Many US taxpayers are in the process of gathering the documents to file their tax return before the April 18, 2022 deadline. Unlike the last two years, the deadline has not been extended for 2022. For those who have already started on their taxes, you may wonder what that “Married, Filing Separately (MFS)” designation is all about. What does it mean, and does it make sense for you?
Let's Define Married Filing Separately
When it comes time to choose your filing status, you have a few options: Single, Head of Household, Married Filing Jointly, and Married Filing Separately. A couple who chooses to file under the MFS status will report their income, deductions, and credits on their own, individual tax return. Each spouse is responsible for their own taxes and cannot be held accountable for any tax liability of their spouse, nor any errors on spouse’s return. However, one area both spouses must coordinate on is whether to take the standard deduction or to itemize. If one MFS spouse itemizes, then so must the other. Alternatively, if one takes the standard deduction, then both must take the standard deduction. The 2021 standard deduction for MFS is $12,550.
When Does It Make Sense?
Itemized Expenses: If you have significant itemized deductions that are limited by your combined AGI, you may want to run the numbers for filing jointly versus separately. For example, MFS could make sense if the lower-earning spouse has significant medical expenses. Medical expenses that are more than 7.5% of your 2021 AGI are eligible to be deducted on Schedule A. Assume your AGI is $50,000, your spouse’s AGI is $200,000, and you have medical bills of $10,000. You would be eligible to deduct medical expenses greater than $3,750 if you file separately. File jointly, and that number jumps to $18,750. Charitable gifts, also deductible on Schedule A, are limited based on the amount of your AGI.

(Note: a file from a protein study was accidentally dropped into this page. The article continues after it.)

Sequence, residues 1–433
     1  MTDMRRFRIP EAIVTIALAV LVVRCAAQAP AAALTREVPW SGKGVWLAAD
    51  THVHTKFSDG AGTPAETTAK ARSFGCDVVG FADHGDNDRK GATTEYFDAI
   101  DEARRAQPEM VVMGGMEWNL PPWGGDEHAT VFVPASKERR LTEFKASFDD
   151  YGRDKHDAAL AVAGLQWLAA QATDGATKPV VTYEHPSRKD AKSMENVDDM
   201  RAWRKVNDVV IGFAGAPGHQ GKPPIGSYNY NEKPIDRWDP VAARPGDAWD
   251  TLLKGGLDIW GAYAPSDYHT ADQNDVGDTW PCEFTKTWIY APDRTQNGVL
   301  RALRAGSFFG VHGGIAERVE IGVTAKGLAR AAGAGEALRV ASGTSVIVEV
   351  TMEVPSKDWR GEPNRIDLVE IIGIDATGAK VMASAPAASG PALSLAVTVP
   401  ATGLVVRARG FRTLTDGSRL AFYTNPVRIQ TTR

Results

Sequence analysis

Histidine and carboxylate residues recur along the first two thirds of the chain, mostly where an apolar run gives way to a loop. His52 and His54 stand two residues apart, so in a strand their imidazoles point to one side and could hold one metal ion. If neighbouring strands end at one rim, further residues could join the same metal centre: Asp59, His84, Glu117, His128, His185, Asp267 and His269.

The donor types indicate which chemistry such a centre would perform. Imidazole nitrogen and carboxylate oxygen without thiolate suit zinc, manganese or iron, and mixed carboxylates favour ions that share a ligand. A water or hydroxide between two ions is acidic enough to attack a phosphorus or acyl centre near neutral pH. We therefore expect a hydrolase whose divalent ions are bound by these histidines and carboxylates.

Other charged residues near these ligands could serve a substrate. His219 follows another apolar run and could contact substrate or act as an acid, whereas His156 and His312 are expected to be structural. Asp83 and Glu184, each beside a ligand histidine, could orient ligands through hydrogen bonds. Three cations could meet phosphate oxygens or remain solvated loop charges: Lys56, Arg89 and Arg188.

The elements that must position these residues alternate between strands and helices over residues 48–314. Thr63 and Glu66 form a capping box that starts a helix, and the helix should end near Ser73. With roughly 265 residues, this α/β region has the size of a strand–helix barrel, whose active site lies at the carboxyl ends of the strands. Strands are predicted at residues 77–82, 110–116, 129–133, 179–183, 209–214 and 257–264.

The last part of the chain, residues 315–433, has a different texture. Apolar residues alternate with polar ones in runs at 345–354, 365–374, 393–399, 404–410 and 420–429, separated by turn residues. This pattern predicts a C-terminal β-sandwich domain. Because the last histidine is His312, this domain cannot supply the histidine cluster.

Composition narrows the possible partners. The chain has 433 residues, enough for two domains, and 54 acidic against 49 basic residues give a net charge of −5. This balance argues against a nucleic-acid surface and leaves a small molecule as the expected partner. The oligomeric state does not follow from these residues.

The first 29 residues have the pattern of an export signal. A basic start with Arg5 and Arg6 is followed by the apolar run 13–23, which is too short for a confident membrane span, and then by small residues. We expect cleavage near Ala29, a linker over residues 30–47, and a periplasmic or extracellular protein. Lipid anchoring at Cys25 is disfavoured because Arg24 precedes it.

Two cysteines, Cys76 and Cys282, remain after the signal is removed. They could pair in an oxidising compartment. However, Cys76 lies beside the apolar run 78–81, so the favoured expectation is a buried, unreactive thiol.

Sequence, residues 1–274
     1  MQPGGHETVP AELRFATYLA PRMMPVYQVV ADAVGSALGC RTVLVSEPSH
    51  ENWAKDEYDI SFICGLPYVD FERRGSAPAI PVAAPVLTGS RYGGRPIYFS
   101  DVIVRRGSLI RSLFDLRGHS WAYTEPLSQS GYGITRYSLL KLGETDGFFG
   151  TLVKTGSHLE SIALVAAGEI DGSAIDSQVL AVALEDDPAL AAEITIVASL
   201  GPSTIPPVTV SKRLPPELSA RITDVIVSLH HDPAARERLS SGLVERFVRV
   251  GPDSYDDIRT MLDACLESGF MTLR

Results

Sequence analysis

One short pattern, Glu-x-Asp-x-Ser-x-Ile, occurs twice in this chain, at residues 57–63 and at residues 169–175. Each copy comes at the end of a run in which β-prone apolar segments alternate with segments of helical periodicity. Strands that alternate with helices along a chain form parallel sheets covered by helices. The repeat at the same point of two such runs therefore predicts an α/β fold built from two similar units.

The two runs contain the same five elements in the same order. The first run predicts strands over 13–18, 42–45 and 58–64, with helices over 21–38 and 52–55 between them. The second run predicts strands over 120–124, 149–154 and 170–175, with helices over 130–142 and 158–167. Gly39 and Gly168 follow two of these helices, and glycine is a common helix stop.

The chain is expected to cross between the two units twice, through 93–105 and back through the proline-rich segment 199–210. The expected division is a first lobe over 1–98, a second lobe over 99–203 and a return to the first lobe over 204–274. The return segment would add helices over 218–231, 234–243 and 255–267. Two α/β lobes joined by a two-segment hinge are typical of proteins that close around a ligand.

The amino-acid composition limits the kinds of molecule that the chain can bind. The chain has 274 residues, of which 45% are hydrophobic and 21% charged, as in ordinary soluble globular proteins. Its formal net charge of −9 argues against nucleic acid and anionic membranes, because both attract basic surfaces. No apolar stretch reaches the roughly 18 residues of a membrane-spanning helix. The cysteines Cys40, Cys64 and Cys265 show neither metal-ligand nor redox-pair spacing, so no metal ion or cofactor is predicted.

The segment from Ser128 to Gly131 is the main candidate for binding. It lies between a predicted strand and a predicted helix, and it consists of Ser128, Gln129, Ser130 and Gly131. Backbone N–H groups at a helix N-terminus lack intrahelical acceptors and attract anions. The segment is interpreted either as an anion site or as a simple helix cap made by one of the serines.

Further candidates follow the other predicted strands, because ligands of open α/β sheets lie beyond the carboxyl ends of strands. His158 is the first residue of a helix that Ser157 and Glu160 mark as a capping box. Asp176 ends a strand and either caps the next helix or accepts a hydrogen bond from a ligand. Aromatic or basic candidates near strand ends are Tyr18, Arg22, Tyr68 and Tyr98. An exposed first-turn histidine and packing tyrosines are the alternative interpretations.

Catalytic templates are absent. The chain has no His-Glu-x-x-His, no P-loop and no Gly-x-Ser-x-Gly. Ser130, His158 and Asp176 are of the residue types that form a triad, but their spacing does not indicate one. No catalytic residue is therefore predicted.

Student Loans: Are you enrolled in an income-based payment plan for your student loans? If so, MFS will likely result in a lower monthly payment.
Debt obligations: The IRS typically allocates refunds toward back taxes, child support, or federal student loans if applicable. If one spouse doesn’t want their refund going toward the other’s back taxes, filing separately will ensure the refund is received.
Divorce: If you are in the process of getting divorced, you may wish to keep your finances separate. However, if you are not living together and have dependents, you may be able to file as Head of Household instead.
Strictly looking at the tax brackets, those that file separately could owe more than if filing jointly. For example, the 2021 22% bracket is for income ranging between $40,526 - $86,375 for MFS versus $81,051 - $172,750 for MFJ. If you file separately, any income over $86,375 will be taxed at the next tax bracket (24%). However, if you file jointly, there is a much larger bucket to fill before you reach the 24% bracket.
The IRS encourages married couples to file jointly rather than separately by reducing or eliminating certain tax benefits. As a result, those that file separately eliminate or reduce the following tax breaks:
- Traditional and Roth IRA contributions (Lower-income phase-out)
- Child tax credit (Lower-income phase-out)
- Child and dependent care tax credit (Eliminated)
- Student loan interest deduction (Eliminated)
- College tuition expenses deduction (Eliminated)
- American Opportunity and Lifetime Learning credit (Eliminated)
- Adoption credit (Eliminated)
- Tax-free exclusion of U.S. bond interest (Eliminated)
- Tax-free exclusion of Social Security benefits (Eliminated)
- The deduction of net capital losses (Reduced to $1,500 versus $3,000 MFJ)
Spouses that live in community property states must follow specific rules regarding allocating deductions and income when filing separately. Generally, earnings are split 50/50 regardless of who earned the income. Deductions are also shared equally.
Until recently, Indiana residents who filed separately were not eligible for the Indiana state tax credit for 529 contributions. However, legislation has now been passed that makes the tax credit is available to all tax filings statuses.
In many cases, Married Filing Separately results in few tax advantages, but each situation is different. Consult with a tax professional to weigh the pros and cons and determine what makes the most sense for you.
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